Coming so soon after the Cosco Busan fuel-oil spill in the Bay, this is a vivid reminder that accidents will happen. In this case (so far at least) the folks in San Francisco have gotten lucky and the Coast Guard response was timely. I hope the folks living around Puget Sound, Chesapeake Bay, Delaware Bay, and other busy port areas in confined estuaries are paying close attention and keeping on their toes – it’s only a matter of time before spills occur, and as the Cosco Busan incident illustrated, immediate effective response is necessary to prevent costly damage to both local economies and natural resources.
Wow, what the heck is goin’ on in our oceans?
This has been an awful two months for oil spills, starting in late October with the Pemex oil platform accident and continuing crude-oil spill in the southern Gulf of Mexico; a huge oil tanker spill in the Black Sea; the comparatively small, yet still quite damaging, Cosco Busan fuel-oil spill in San Francisco Bay; a major spill, the worst ever in South Korea, that’s destroyed shellfishing grounds and coated beaches; and now, a 1-million-plus-gallon crude-oil spill by Statoil, the state oil company of Norway, in the North Sea.
Cumulatively these spills represent more than 6 million gallons of oil. What a mess. As a California state official noted, the ecological effects of these spills continues for years, even decades, long after our attention has drifted elsewhere…
Speaking of oil spills, SkyTruth images revealed significant spills covering a large area of the northern Gulf of Mexico in the wake of Hurricane Katrina back in 2005. At the time, nobody was talking about what had happened to the 4,000 offshore oil platforms – and 34,000 miles of pipeline on the seafloor – when Katrina ripped through the Gulf as a Cat 5 storm, followed a few weeks later by Hurricane Rita. Attention was rightly focused on the unfolding human tragedy, as well as the 7-9 million gallons of oil spilled from damaged pipelines, refineries and storage tanks onshore.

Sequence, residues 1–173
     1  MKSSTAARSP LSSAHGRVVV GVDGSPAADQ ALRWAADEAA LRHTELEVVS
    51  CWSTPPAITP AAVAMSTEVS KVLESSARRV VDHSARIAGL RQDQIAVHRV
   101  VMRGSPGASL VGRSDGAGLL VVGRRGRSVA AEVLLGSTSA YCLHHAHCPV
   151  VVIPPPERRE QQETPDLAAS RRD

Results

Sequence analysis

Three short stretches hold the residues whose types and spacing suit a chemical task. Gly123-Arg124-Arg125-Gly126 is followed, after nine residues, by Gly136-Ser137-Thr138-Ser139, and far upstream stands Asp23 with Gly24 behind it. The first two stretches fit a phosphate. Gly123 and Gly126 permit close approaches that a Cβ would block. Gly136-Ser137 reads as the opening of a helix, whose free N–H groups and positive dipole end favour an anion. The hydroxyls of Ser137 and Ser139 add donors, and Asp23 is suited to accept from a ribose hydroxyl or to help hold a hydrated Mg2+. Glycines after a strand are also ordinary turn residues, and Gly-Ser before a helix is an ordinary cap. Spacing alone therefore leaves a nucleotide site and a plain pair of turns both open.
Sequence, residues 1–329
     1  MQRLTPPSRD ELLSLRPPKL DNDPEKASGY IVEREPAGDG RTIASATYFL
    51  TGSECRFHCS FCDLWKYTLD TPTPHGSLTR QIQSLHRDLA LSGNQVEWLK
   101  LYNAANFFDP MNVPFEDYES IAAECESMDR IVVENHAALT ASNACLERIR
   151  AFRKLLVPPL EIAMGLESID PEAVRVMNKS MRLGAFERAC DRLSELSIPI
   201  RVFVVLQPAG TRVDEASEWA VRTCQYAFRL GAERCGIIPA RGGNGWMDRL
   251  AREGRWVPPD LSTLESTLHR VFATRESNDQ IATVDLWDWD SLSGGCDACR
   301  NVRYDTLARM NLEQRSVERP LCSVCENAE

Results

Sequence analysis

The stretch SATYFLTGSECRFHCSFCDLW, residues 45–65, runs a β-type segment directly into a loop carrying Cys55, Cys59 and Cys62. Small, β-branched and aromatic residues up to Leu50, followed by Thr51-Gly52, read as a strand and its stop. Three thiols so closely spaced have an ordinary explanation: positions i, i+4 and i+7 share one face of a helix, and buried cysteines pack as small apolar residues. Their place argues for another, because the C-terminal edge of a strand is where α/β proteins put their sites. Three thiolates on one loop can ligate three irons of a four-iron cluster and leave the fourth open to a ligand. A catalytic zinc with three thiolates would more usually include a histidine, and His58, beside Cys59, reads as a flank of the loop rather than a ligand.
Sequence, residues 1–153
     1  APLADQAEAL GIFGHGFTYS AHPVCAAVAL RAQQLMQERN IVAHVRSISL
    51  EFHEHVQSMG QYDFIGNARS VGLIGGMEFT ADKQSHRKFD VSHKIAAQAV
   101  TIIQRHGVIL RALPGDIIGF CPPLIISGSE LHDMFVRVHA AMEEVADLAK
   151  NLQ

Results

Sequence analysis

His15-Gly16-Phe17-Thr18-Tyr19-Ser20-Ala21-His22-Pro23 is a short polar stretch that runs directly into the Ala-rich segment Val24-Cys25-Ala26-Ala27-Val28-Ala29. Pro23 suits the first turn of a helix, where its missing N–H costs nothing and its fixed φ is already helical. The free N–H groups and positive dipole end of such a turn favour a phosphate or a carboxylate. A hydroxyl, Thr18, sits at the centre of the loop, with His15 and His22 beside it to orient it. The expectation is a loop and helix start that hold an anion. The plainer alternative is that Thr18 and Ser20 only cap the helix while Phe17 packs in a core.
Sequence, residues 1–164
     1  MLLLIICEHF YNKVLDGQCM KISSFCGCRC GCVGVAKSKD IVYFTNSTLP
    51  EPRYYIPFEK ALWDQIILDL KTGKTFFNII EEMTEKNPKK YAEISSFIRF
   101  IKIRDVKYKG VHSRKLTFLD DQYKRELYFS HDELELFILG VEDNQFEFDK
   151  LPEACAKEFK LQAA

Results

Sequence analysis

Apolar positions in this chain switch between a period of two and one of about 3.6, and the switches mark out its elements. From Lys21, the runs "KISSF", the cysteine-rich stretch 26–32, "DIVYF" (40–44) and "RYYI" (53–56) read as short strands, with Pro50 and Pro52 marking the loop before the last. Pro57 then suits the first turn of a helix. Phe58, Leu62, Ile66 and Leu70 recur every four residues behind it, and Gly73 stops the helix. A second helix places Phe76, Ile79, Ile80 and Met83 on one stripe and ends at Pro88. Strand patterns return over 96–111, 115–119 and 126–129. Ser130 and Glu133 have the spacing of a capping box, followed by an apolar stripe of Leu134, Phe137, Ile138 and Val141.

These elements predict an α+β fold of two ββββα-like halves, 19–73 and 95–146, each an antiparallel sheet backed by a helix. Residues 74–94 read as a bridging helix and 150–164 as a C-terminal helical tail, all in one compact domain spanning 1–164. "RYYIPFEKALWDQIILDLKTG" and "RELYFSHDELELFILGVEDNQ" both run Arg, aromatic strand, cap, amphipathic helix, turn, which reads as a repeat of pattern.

On November 7 a transoceanic container ship called the Cosco Busan hit one of the supports for the SF – Oakland Bay Bridge, tearing a big gash in the side of the vessel and spilling 58,000 gallons of heavy fuel oil into the Bay. At first the Coast Guard seriously underestimated the size of the spill, and it took a couple of hours before containment and cleanup crews were on the scene. By then the oil had spread, and over the following week it traveled throughout much of the Bay and even out into the Pacific Ocean, washing up on beaches over a wide area.
We had a radar imaging satellite (named, appropriately enough, “Radarsat“) take a picture as it orbited over the San Francisco Bay five days later. Defenders of Wildlife, Ocean Conservancy and San Francisco Baykeeper helped pay for the image, which showed numerous slicks in the Bay and beyond the Golden Gate. Check out our gallery and the press release from Ocean Conservancy, and this video showing why the failure to contain the spill promptly lead to a much more widespread impact.
For you Google Earth users (and there are more of you every day!), we also produced this KMZ file. The story told by the imagery is summed up well by Warner Chabot at Ocean Conservancy: “…containing the oil in the first two hours is 100 times more important than chasing it all over the San Francisco Bay for the next two weeks.” Two Bay-area stations used our images in their November 20 broadcasts – CBS 5 news at noon (watch the story), and ABC 7 news at 5pm.
UPDATE 7/17/2009: The skipper of the Cosco Busan, John Cota, was just given a 10-month jail sentence for negligence leading to the illegal discharge of 53,000 gallons of oil into the Bay.